Monday, July 14, 2014

Human Trafficking - Make it Personal

Thank you My Colorado View for sharing about the importance of trafficking - As citizens we must act  - It is our Communities, our Future.

There has been a tremendous amount of conversation in the media about Human Trafficking. The release of the State Department’s 2014Trafficking in Person’s Report and the FBI’s summary of Operation Cross County success has brought this to light and has been in the media during the last two weeks. To many people’s disbelief plenty of conversations are happening about the trafficking that is taking place here in Colorado. Yes, in Colorado. Recent arrests have taken place in Colorado Springs, Grand Junction, Denver and Pueblo.
I often get the question about how I personally got involved in this issue. I give credit to my daughter Chelsea for enlightening me on the topic and revealing the horrors of trafficking after she attended a youth conference seven years ago. My first step was educating myself on the subject and then taking a stance that I had to do something, anything really. Shortly after my awakening to the issue, I began to meet like-minded concerned citizens and the Human Trafficking Task of Southern Colorado was formed and led by our fearless leader Betty Edwards.
What is Human Trafficking? You might see it referenced as Modern Day Slavery. That is true; some state the fact that there are more slaves today than were seized from Africa in four centuries of the trans-Atlantic slave trade. The US State Department states, “The United States government considers trafficking in persons to include all of the criminal conduct involved in forced labor and sex trafficking, essentially the conduct involved in reducing or holding someone in compelled service.”
What can you do today to make an impact?
Education: Become familiar with the facts about trafficking. I will warn you once you start pealing back the layers this is not a pretty subject, so prepare yourself. You will either be moved in one or two ways. Moved to take action or remain motionless in disbelief.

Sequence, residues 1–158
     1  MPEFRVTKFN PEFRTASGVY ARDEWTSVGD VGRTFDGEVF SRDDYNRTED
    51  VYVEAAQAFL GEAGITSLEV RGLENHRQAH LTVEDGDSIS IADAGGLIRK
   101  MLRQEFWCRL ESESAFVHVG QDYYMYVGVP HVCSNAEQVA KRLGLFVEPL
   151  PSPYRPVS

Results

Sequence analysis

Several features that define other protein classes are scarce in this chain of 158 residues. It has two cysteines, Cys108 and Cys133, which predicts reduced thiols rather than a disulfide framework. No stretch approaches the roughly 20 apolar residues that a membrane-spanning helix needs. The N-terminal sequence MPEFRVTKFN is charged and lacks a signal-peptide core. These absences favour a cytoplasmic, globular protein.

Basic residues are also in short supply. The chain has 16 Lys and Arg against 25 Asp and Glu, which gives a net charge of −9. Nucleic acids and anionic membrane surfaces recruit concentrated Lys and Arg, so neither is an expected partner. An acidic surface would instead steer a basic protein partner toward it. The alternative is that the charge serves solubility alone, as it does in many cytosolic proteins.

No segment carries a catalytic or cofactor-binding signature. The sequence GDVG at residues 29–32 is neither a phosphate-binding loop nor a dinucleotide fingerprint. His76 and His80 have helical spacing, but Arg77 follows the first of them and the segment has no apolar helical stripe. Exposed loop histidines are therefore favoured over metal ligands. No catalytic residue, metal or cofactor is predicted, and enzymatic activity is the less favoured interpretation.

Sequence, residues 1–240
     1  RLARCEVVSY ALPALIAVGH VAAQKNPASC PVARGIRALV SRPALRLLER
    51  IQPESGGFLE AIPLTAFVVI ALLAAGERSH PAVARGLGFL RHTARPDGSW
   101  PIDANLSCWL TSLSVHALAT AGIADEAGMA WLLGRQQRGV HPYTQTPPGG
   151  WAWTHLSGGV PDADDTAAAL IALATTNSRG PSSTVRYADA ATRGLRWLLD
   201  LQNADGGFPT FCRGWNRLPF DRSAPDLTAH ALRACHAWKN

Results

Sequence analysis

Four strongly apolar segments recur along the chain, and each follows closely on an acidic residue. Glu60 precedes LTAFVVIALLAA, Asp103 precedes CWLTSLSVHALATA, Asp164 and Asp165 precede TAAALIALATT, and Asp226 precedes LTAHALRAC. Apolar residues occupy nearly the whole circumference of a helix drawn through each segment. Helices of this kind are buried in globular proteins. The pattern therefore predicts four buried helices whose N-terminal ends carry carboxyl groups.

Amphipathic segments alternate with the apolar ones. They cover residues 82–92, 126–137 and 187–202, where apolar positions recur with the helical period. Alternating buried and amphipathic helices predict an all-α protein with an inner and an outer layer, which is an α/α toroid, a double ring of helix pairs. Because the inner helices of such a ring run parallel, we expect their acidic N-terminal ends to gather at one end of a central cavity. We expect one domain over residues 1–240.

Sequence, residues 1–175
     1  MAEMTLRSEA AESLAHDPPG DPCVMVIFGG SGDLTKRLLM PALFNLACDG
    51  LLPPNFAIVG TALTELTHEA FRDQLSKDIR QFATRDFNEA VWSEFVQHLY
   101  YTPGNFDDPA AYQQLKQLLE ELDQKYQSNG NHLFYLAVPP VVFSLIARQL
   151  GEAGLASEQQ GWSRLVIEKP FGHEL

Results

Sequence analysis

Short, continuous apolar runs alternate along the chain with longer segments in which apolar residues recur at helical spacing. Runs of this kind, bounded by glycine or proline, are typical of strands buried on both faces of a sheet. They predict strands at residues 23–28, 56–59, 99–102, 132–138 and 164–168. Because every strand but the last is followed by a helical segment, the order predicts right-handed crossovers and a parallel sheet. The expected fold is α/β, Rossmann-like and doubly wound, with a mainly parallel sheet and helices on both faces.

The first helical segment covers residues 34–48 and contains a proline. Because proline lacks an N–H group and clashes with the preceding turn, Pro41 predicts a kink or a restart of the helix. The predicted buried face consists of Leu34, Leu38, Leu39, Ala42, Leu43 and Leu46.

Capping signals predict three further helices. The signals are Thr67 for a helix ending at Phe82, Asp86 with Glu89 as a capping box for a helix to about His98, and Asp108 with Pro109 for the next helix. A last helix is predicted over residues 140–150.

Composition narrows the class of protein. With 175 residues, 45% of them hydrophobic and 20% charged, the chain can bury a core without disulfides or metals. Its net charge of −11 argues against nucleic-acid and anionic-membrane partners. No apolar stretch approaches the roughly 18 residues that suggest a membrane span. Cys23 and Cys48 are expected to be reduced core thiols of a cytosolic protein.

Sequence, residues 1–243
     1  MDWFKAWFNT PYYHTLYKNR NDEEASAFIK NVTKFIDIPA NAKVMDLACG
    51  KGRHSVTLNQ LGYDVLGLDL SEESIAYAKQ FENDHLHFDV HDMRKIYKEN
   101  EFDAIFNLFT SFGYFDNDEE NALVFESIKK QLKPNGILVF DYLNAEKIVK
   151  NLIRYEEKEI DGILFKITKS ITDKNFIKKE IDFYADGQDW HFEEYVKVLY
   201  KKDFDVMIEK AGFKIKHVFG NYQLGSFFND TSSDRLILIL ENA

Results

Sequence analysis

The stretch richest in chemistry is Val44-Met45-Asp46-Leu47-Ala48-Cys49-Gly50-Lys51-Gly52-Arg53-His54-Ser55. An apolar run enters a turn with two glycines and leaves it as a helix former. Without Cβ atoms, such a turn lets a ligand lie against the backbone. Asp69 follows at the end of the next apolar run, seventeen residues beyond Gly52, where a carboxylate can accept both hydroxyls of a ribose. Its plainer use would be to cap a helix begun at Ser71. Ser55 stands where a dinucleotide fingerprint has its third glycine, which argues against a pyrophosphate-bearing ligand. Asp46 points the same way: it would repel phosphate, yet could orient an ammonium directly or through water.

If you see something that looks suspicious the best thing you can do is report it. Give as much information as possible so law enforcement personnel and others can act upon it. Volunteers monitor the Colorado hotline 24/7. We often suggest that you keep the Colorado Network to End Human Trafficking (CoNEHT) at 1-866-455-5075 stored in your phone and if you travel have the National Hotline at 1-888-373-7888 available. The National Hotline also has a text option; text HELP or INFO to BeFree (233733). We often warn people not to put on their super woman capes and go in for the rescue, let the professionals take care of that. However, your eyes and ears in your community can make a difference. Use your intuition, if does not “look” right, it probably is not.
Be an ethical consumer and employer. Find out how your actions can contribute to or reduce the demand for human trafficking. There are wonderful businesses’ along the Front Range of Colorado that sell products made by survivors. Buy locally and support small businesses. This just makes good common sense and helps business entrepreneurs.
During the 2014 Legislation Season, Colorado House Bill 14-1273 was passed with cooperation and sponsorship from both sides of the aisle. Imagine that, successful bipartisan conversation. The new legislation allows Colorado to take a stronger stance on trafficking. The bill focused on adding relevant language for protecting victims, prevention and persecution.
Bottom line make it personal.

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